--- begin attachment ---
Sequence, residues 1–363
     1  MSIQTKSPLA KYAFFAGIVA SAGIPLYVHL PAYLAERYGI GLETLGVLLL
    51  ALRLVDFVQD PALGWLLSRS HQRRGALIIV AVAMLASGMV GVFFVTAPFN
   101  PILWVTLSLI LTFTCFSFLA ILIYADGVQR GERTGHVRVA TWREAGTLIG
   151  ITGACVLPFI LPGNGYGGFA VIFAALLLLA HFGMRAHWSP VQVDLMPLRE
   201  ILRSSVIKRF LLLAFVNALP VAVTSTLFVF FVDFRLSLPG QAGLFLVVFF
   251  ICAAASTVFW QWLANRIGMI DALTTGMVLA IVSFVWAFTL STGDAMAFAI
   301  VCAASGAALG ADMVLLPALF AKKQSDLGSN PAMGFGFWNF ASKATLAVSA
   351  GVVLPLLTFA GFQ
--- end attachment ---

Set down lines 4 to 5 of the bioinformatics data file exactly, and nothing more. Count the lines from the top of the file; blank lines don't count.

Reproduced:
   101  PILWVTLSLI LTFTCFSFLA ILIYADGVQR GERTGHVRVA TWREAGTLIG
   151  ITGACVLPFI LPGNGYGGFA VIFAALLLLA HFGMRAHWSP VQVDLMPLRE